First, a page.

You Can’t Exercise Away Weight Gain
It’s common knowledge that there are two vital ingredients needed in order to shed the pounds quickly; and those are exercise and good diet. As a result, gyms across the UK enjoy thousands of people signing up each year, each with the ambition of hitting the treadmill and losing the excess weight.
However, according to new research, if you think that running alone is going to shift the love-handles, you’re in for a shock. Apparently, real weight-loss requires a complete diet overhaul, and exercise on its own is not enough to get results.
Fresh Research Suggests Bad Diet is to Blame for Obesity, Not Lack of Exercise
According to a recent study published in the British Journal of Sports Medicine, weight-gain is all down to what you put in your mouth, not what you do with your body.
The research, whose authors include Dr Aseem Malhotra (famous for his many criticisms of the UK food industry) indicates that, whilst physical activity can be helpful in terms of reducing risk of heart disease, it does ‘not promote weight-loss’ in itself.
Misleading Food Industry
The authors state that ‘members of the public are drowned by an unhelpful message about maintaining a ‘healthy weight’ through calorie counting, and many still wrongly believe that obesity is entirely due to lack of exercise’.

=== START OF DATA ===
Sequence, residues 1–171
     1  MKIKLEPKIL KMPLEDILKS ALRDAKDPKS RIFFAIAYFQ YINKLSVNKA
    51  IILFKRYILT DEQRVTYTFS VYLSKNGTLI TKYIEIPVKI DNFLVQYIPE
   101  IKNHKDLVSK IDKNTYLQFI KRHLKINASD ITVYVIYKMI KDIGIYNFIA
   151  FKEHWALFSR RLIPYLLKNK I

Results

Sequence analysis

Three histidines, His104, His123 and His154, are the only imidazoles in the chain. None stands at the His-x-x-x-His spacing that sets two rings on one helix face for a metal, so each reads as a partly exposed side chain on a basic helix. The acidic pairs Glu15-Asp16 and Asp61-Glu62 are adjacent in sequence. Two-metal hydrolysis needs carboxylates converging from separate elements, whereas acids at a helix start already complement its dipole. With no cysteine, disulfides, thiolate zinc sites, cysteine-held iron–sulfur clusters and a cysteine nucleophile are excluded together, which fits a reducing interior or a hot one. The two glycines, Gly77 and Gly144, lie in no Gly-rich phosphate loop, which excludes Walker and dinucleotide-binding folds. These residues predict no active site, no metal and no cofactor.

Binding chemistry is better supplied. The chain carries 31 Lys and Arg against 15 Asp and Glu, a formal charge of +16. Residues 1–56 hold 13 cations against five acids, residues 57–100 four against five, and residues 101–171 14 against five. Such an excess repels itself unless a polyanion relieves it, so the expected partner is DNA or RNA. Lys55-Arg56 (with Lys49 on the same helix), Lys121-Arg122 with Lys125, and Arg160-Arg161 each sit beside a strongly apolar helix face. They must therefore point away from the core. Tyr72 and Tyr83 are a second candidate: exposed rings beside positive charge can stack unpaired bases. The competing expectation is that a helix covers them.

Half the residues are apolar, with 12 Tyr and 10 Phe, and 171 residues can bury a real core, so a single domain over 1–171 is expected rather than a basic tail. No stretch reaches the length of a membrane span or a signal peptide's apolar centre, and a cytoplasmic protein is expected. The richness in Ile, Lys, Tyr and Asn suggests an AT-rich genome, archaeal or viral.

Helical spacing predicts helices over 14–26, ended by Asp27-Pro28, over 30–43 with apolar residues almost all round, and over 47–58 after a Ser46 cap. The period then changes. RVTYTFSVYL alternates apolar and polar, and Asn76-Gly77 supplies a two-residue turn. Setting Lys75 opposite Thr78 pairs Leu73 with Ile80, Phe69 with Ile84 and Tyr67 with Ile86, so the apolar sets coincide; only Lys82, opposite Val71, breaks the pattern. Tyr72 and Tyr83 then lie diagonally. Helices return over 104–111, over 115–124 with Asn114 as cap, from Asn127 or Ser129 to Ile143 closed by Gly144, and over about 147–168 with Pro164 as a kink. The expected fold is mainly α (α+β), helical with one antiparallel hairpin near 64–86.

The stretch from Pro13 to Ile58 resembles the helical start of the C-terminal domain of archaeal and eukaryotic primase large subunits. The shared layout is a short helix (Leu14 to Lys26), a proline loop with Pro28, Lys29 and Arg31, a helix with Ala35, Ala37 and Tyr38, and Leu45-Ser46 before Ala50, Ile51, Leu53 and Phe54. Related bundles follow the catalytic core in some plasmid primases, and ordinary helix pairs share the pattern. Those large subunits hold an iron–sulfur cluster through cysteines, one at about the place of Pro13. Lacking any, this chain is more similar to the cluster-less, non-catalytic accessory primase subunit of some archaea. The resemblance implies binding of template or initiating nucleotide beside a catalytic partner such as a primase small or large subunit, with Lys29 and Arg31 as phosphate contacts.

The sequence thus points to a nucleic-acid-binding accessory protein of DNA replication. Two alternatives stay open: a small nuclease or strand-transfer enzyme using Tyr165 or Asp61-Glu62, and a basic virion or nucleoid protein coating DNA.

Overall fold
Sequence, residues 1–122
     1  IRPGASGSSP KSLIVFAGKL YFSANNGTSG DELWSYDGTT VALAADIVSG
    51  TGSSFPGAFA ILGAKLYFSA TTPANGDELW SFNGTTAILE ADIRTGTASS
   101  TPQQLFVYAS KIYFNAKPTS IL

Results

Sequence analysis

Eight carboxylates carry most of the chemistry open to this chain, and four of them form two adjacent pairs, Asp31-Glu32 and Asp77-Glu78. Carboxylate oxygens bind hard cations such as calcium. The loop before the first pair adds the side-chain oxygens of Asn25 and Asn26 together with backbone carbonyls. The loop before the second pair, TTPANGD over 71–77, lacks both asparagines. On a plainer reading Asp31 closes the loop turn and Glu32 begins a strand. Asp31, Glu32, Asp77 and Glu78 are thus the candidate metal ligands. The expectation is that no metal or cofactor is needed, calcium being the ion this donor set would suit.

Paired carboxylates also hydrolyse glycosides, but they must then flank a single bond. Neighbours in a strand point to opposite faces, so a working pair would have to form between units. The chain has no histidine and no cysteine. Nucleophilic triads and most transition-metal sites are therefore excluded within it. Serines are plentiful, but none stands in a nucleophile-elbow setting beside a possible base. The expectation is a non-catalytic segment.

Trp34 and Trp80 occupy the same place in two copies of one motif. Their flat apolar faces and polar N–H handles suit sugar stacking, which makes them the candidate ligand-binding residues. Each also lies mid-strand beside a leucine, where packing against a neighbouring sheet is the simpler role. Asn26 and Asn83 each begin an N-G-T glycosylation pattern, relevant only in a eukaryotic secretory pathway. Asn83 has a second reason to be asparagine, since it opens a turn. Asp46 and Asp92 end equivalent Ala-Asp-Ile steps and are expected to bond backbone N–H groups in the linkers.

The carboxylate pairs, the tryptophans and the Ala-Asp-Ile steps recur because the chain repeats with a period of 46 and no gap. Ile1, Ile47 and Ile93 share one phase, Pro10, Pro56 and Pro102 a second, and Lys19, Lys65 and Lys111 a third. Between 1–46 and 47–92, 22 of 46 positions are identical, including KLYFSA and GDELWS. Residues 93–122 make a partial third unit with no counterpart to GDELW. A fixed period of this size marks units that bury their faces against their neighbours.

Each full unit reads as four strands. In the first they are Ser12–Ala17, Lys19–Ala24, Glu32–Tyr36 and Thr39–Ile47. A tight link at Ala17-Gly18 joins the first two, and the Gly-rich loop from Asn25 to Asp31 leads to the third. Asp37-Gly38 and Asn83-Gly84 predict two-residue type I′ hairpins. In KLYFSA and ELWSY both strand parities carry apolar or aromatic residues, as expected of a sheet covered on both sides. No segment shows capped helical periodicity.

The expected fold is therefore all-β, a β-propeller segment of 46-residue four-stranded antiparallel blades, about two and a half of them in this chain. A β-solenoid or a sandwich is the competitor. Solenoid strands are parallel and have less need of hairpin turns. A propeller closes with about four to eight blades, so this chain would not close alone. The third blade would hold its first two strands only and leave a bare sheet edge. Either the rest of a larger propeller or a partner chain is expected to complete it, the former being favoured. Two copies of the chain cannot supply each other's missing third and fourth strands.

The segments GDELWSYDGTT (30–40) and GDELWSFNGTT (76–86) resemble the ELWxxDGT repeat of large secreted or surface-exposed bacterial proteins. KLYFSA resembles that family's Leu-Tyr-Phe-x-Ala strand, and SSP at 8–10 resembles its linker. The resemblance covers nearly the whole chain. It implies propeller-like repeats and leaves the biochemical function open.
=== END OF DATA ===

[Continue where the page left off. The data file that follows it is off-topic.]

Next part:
They claim that the cause of this mistaken belief lies in misleading information provided by the British food industry, which ‘uses tactics chillingly similar to those of big tobacco… denial, doubt, confusing the public and even buying the loyalty of bent scientists, at the costs of millions of lives’.
Challenging the Status-Quo Further
The researchers even go as far as to claim that conventional opinions about what constitutes a ‘good’ diet may be wrong. Traditionally, fats have been associated with weight gain; however, this study seeks to promote a high-fat diet, which is also low in sugar and carbohydrates.
Their statements have divided opinion in the medical world. Catherine Collins, from the British Dietetic Association, suggested that the research had not taken into account the many health benefits associated with exercise, and had only used ‘incomplete evidence’ to create their case.
Likewise, Professor Susan Jebb, professor of diet and population health at Oxford University, claims that ‘the authors fail to note that weight loss programmes which combine diet and physical activity are the most successful route to weight loss.’
What Action Should You be Taking?
Whilst exercise alone is unlikely to help you to lose weight successfully, its importance certainly shouldn’t be underestimated. Regular aerobic exercise, combined with muscles strengthening activities, has been shown to increase lifespan, promote healthier hearts and boost immunity.
However, it’s undeniable that diet should be your top priority if you’re trying to lose weight. As the research suggests, cutting back on sugar and carbohydrates is likely to help considerably. For a more detailed weight-loss plan, the best course of action is to speak with your GP, who will be able to work with you to device a sensible healthy-eating programme.